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Southport High officials, parents take steps after tuberculosis scare

INDIANAPOLIS (WISH) – Leaders at Southport High School in Indianapolis said some students and staff have been exposed to tuberculosis, but testing will be free on April 28.

Principal Barbara Brouwer sent out automated phone messages to families Wednesday. She said a select group of students and staff were exposed to TB by an SHS student.

School officials said that those people affected have been contacted directly by the school.

Leaders said they arranged a clinic for testing for only the students who may have been exposed at the high school. The clinic will run from 2:30 p.m – 7 p.m.

Officials have not yet said how many people may have been exposed.

Students and parents who have questions can call the Nursing Supervisor, Esther L. Moeller, at 317-789-3789. They also can contact the Marion County Public Health Department.

Parents and some students are still nervous, and parent Steve Todd told his son to stay home today just to be on the safe side.

“I think it’s pretty crazy kids having to go through this and teachers also,” said Todd’s son Steven. “It’s kind of crazy.”

Officials from the Marion County Health Department said they are working to make sure everyone is informed correctly because when uncommon diseases like tuberculosis are found locally, fear often follows.

Dr. Jeffery Jones with Franciscan St. Francis Health, has studied tuberculosis for years and said if someone breathes in the virus they most likely will not be infected.

“One might breathe it in. Most people don’t develop the disease, but they do get infected not every time but if you breathe in the right kind of particle, so it’s a respiratory type of infection,” said Dr. Jones.

The infectious particles can lay dormant in the body, but aren’t harmful if treated properly.Dr Jones said there is nothing for parents to worry about yet.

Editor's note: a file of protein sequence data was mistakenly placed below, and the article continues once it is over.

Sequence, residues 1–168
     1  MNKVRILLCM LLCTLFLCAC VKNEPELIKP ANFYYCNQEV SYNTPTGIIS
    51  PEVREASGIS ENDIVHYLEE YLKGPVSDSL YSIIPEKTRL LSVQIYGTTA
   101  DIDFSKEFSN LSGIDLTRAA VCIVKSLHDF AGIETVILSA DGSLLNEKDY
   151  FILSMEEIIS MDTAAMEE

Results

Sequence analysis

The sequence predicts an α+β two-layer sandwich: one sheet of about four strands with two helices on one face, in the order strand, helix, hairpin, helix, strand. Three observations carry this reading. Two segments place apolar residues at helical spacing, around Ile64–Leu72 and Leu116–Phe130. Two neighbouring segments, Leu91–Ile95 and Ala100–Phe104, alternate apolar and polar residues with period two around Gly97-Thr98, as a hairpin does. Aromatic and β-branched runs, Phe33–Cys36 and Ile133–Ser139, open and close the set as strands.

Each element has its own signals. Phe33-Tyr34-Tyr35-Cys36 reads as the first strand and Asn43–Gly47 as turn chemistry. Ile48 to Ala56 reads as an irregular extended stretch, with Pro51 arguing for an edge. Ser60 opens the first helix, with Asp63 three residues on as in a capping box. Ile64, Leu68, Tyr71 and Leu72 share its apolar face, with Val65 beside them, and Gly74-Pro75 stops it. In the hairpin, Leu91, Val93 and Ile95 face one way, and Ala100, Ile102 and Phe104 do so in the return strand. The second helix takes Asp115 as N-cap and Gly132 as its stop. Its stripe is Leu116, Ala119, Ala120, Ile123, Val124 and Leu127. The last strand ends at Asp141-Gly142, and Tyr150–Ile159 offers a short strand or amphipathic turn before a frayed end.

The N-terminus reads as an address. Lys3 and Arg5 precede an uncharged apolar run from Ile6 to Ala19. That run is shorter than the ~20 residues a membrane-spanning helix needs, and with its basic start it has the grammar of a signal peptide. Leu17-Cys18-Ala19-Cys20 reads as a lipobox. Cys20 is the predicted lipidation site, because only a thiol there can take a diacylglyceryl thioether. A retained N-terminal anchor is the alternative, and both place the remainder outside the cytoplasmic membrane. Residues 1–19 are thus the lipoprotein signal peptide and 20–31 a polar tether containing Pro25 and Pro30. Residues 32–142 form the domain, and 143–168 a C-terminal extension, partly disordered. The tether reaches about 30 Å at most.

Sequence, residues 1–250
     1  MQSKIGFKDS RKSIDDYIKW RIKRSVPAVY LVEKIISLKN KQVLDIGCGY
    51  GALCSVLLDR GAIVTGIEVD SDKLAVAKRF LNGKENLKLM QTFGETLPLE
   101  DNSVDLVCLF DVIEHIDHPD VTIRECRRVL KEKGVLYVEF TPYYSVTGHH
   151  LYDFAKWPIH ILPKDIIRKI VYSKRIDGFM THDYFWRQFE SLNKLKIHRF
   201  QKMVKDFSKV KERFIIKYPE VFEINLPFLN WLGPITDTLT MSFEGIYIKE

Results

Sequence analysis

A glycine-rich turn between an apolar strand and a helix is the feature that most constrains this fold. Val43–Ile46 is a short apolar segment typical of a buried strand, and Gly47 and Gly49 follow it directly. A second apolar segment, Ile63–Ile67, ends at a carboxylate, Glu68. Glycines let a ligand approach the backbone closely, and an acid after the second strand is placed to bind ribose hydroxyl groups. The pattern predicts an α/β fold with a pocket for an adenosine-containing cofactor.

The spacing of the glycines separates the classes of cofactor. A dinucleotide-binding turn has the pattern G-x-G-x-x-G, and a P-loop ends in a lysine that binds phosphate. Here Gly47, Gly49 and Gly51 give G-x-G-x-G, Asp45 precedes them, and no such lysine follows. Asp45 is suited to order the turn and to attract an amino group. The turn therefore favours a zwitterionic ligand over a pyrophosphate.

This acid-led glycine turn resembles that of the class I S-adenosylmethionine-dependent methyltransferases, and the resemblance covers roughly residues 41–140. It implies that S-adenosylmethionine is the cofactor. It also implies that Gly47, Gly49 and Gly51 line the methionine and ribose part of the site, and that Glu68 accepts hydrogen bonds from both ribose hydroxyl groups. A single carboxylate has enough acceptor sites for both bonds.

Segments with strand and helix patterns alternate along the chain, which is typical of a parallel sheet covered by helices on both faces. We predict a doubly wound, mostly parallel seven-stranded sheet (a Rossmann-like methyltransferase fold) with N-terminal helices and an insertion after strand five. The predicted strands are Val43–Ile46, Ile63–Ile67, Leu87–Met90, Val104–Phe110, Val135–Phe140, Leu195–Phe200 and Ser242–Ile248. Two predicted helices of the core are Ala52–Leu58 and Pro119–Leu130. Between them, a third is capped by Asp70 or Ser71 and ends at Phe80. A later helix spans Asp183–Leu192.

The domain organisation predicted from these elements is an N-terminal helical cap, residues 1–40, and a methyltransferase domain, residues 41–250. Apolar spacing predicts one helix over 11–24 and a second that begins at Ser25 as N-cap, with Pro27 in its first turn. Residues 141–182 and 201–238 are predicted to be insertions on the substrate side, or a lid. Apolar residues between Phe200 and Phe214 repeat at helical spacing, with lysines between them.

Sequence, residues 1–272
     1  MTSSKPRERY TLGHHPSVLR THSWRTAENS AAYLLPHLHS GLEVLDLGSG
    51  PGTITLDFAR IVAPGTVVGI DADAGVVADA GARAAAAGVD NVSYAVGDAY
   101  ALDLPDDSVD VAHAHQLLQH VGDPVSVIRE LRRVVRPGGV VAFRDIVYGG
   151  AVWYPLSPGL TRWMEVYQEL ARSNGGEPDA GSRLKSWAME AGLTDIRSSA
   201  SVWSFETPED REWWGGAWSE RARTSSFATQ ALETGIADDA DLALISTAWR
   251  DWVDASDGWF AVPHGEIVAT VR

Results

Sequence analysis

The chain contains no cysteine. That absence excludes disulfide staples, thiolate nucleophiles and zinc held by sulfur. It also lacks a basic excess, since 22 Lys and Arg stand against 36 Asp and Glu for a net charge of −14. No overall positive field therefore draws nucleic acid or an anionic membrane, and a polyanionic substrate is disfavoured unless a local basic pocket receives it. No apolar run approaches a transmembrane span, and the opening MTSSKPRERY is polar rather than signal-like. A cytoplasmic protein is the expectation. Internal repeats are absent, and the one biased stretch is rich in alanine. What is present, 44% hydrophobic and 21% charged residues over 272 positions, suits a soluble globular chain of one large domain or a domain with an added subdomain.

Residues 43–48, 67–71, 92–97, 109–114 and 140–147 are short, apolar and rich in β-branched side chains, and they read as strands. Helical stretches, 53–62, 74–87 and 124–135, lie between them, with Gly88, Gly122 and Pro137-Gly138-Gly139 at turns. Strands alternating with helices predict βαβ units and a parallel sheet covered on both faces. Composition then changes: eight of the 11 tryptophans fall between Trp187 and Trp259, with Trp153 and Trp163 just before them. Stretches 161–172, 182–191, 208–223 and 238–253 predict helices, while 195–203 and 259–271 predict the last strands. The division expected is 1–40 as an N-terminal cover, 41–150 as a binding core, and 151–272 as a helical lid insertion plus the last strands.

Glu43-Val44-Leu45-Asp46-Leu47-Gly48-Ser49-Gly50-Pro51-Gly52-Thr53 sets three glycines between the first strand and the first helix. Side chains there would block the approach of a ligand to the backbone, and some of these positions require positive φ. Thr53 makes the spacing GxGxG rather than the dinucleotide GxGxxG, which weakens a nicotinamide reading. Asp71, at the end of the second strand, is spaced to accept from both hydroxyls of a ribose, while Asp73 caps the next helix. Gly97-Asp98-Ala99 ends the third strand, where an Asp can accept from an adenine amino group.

“The main thing I would say to people is don’t get excited,” said Jones. “This is something that probably nothing is going to come out of it but if it does then it’s a manageable disease you can treat it.”

School officials said if students haven’t received information that they are in the select group who may have been exposed, they can go to the Marion County Public Health Department with their student ID to receive a test for free, or to their personal doctor.

According to the CDC, some signs of active TB include fever, night sweats, unintentional weight loss and a cough that lasts several weeks. TB can spread from person to person through the air. It usually affects the lungs, but it can affect other parts of the body as well. It can be fatal if people do not receive treatment.

The CDC said the disease can be treated with several drugs, but they must be taken for six to nine months.

The FDA has approved 10 drugs for treating TB, and it is important for those with TB to finish the prescribed medication. If drug use is stopped too soon, patients could become sick again.

Although the vaccine Bacille Calmette-Guérin is not widely used in the U.S., it is often given to infants and young children in countries were TB is more common, according to the CDC. BCG should only be considered in the U.S. for very select people that meet the criteria. 

Cases of TB in the 1900s killed one out of seven people in the U.S. and Europe, according to the CDC. In the 1940s the drugs used to treat TB today were discovered causing the number of cases to decline. In the 1970 to the early 80s cases spiked again, but the CDC says they have been on the decline since 1993. The CDC says cases in the U.S. are more likely in correctional facilities, among the homeless and children under 15 years old.

For more information from the CDC, click here.